Construction Concerns: Engineered Steel Buildings

By Gregory Havel

The “engineered steel building” was designed as an inexpensive, lightweight, and noncombustible substitute for structures of other building code types including wood frame (type V), heavy timber or mill (type IV), ordinary or brick-and-joist (type III), and the more typical noncombustible (type II) building. Although they have sometimes been considered temporary structures when compared to conventional construction, with proper care these buildings have a life expectancy of more than 50 years.

Because of their construction materials and methods, they are usually limited to a single story, although mezzanines and second stories are sometimes included, which have structural supports independent of the enclosing engineered steel building.

Photo 1 shows one end of a partially completed engineered steel building. It shows several of the load-bearing column and beam assemblies that span the width of the building; vertical and horizontal intermediate structural members that support the roof and to which the steel wall panels are attached; the fiberglass batt insulation in the wall; the steel liner panel on the inside of the wall at the left; and the edge of a mezzanine, visible through window and door openings that makes this end of the building two stories.

(1) Photos by author.


Photo 2 shows the connection between a column and roof beam, with the broad “haunch” at the joint, which redistributes the downward and outward thrust of the pitched roof into a downward load on the foundation. Horizontal members to which wall panels will be attached as well as others that will support the roof are also visible.



Photo 3 shows the underside of the roof after it is installed on top of batt insulation faced with a plastic vapor barrier.



Photo 4 shows an alternate method of construction, which uses interlocking double-sided steel panels filled with foam insulation in place of the metal exterior panel as well as a liner panel with fiberglass batts in between.



Today’s engineered steel buildings can be very large, covering several acres under one roof (1 acre = 43,560 square feet = 0.405 hectares) with clear spans between rows of columns greater than 100 feet (30.5 m).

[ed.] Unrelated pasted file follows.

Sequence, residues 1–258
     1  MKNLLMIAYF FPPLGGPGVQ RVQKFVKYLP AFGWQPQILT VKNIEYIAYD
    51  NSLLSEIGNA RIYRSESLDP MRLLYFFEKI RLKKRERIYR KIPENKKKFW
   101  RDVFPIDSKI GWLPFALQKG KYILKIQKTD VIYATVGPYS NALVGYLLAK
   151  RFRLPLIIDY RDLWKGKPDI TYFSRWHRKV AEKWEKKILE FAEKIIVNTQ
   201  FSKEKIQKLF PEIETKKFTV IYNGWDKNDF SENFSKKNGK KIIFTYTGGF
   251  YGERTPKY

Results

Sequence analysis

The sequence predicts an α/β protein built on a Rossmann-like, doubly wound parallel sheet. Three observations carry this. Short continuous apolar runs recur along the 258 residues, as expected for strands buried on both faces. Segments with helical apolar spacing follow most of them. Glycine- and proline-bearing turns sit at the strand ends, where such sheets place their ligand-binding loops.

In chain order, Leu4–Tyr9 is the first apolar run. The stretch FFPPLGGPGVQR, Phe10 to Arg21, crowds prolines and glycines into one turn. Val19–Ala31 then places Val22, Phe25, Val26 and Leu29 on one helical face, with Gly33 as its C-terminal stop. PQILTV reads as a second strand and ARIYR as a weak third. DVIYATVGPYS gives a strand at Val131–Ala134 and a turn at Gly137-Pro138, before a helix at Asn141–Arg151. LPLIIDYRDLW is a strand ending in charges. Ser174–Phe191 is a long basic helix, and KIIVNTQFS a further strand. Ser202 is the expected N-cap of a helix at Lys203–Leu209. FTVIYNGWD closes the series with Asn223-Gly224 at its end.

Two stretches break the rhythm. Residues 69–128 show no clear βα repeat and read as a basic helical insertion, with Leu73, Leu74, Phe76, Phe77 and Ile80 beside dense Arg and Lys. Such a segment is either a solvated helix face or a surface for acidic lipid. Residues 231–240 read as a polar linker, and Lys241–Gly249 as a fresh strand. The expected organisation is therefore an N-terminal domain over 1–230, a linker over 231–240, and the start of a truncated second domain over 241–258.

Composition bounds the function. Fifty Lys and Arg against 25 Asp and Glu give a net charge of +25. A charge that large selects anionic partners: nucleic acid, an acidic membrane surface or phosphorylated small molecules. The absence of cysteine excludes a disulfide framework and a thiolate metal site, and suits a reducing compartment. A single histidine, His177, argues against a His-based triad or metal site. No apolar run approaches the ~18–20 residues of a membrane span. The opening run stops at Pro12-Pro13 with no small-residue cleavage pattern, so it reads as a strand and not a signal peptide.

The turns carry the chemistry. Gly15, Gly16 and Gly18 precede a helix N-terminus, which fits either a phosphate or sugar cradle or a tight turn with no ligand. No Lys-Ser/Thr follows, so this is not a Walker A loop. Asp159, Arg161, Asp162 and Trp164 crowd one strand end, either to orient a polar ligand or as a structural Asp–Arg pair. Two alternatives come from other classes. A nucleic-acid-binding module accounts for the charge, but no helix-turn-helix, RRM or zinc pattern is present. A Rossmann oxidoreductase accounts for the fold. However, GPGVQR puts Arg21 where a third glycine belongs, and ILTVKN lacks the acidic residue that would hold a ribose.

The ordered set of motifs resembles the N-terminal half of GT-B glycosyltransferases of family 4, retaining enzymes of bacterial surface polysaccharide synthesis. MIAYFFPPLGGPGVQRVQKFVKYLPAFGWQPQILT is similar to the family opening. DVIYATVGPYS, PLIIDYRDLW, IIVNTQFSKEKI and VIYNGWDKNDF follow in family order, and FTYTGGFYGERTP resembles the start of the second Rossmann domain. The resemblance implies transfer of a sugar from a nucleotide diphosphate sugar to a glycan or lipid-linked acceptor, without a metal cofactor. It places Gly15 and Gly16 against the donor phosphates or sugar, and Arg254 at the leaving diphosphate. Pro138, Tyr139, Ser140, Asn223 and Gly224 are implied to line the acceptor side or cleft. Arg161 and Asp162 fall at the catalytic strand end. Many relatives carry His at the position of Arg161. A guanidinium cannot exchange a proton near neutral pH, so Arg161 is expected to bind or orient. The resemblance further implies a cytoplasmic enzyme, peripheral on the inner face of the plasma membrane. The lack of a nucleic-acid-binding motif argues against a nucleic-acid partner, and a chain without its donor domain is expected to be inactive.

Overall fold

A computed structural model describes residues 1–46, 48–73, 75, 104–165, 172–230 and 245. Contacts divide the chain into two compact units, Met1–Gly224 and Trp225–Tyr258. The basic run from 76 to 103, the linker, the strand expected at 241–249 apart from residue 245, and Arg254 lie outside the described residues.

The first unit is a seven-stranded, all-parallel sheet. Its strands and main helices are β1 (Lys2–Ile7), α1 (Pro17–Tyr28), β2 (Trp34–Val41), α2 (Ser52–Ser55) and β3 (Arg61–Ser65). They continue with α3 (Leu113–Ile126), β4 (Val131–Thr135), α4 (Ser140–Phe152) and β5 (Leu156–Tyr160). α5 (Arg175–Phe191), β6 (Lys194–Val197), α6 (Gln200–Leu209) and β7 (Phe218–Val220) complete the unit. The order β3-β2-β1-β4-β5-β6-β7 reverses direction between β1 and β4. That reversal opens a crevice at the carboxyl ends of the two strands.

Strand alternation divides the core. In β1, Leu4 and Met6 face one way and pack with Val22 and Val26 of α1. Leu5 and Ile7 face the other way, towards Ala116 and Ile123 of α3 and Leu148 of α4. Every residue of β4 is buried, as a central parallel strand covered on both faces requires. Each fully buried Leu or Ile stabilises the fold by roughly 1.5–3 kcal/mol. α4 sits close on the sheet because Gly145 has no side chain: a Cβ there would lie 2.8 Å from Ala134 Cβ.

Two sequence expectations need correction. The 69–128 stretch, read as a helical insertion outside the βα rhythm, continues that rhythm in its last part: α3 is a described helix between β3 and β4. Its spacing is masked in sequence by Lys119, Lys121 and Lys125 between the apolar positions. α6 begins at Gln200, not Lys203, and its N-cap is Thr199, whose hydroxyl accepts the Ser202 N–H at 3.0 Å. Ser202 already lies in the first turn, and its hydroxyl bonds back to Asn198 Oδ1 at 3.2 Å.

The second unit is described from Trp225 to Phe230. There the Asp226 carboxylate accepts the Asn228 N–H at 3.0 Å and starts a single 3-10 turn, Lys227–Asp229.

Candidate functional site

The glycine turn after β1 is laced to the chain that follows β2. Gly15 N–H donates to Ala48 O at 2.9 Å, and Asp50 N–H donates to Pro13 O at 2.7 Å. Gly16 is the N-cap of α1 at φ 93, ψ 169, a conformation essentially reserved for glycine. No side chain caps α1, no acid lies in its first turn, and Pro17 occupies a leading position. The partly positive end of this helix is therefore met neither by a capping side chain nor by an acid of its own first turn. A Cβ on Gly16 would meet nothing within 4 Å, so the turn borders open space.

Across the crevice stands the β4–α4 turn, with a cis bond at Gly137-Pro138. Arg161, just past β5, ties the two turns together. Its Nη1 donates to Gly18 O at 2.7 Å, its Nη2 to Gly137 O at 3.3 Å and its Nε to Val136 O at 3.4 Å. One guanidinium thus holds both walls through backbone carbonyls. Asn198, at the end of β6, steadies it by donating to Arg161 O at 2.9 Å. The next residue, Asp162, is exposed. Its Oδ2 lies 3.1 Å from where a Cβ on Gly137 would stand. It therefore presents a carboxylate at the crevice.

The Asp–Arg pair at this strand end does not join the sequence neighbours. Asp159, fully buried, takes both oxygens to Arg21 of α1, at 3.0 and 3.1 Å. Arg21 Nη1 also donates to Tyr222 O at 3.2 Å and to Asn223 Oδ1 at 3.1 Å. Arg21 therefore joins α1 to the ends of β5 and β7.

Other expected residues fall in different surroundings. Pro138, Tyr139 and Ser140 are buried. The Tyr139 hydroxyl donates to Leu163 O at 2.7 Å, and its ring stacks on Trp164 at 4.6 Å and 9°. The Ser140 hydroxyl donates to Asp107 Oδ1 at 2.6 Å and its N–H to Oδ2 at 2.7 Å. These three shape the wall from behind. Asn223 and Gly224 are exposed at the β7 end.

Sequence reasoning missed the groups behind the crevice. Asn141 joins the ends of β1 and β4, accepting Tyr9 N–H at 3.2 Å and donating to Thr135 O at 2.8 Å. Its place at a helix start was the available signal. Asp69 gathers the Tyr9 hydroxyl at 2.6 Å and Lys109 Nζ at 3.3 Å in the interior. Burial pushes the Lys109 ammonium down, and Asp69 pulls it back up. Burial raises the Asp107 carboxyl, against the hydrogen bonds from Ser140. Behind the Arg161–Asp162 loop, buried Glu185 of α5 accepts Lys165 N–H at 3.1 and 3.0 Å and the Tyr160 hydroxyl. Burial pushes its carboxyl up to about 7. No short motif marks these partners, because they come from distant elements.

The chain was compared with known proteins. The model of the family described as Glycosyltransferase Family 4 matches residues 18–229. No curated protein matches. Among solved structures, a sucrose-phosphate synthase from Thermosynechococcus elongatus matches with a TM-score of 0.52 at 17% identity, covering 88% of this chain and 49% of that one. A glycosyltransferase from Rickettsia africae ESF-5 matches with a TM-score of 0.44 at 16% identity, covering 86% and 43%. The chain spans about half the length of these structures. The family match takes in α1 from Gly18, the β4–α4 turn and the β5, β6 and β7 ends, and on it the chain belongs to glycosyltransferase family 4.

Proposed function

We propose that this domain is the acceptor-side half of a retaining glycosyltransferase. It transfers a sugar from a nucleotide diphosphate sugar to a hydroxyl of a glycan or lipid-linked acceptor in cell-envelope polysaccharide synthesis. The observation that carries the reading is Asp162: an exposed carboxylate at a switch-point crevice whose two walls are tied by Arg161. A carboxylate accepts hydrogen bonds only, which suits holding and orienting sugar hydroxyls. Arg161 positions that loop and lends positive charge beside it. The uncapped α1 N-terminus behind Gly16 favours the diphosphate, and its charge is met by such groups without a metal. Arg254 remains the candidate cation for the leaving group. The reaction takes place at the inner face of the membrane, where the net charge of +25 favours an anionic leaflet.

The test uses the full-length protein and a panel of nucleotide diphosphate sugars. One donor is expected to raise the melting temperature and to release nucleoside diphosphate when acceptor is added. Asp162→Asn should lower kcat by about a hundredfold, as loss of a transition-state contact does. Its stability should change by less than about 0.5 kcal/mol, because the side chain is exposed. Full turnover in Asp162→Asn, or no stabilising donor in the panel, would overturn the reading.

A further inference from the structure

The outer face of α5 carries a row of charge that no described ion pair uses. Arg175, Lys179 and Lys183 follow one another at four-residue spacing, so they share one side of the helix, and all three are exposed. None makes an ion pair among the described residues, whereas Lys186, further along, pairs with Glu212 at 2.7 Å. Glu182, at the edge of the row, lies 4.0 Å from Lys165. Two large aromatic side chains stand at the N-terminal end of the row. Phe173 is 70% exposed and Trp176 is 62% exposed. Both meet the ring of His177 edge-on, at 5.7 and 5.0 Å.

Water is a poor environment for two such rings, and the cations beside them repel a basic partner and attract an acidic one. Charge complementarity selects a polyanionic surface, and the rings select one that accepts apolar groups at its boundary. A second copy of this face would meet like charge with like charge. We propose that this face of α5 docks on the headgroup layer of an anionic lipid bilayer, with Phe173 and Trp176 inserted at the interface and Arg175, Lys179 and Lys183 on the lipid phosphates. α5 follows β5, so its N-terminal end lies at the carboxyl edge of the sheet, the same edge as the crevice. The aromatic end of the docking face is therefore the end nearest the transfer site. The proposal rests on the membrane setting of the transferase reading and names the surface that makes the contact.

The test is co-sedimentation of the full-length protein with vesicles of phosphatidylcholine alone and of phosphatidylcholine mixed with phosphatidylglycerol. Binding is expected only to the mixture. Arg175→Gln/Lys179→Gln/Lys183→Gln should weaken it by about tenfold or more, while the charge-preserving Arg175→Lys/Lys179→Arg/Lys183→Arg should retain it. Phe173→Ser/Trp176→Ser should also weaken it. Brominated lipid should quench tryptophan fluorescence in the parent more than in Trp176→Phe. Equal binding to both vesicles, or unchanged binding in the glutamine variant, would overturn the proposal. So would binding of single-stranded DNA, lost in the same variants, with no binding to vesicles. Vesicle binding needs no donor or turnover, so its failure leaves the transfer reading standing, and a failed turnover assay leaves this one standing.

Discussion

Photos 5, 6, and 7 show a municipal sports complex under construction that, when complete, will include inside the building a competition-sized hockey and ice-skating rink; a gymnasium for basketball and other activities; tennis courts; a soccer field; and all of the offices, locker rooms, storage spaces, and meeting rooms needed to support the activities of hundreds of people in the building at the same time.





In photo 7 on the left side, the framing of the building is nearly complete and in the background. Additional sections of roof girders will be attached to the beams that extend from the columns and which will extend to the next line of columns to provide the clear span needed for the indoor soccer field.



Because of the large number of people who can be present at any time, and because of the combustible nature of the building’s finishes (i.e., combustible artificial turf, combustible floors of wood or polyurethane foam, wood bleacher seating, and the clothing and duffel bags brought by the building’s occupants), buildings like these are usually protected by a National Fire Protection Association 13, Standard for the Installation of Sprinkler Systems, -compliant automatic fire sprinkler system.

Because of the size and complexity of this kind of facility, the fire sprinkler system will have several risers and may have a fire pump, depending on the water supply in the neighborhood.

Although a sports complex like the one shown in these photos will not have as great a fire load inside the building as a big box home improvement store or a mega-mart, it is likely to have a much larger population of athletes and spectators. A facility like this needs a detailed preincident plan that is updated regularly to cover changes in occupancy and activities. 


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Gregory HavelGregory Havel is a member of the Town of Burlington (WI) Fire Department; retired deputy chief and training officer; and a 35-year veteran of the fire service. He is a Wisconsin-certified fire instructor II, fire officer II, and fire inspector; an adjunct instructor in fire service programs at Gateway Technical College; and safety director for Scherrer Construction Co., Inc. Havel has a bachelor’s degree from St. Norbert College; has more than 35 years of experience in facilities management and building construction; and has presented classes at FDIC.



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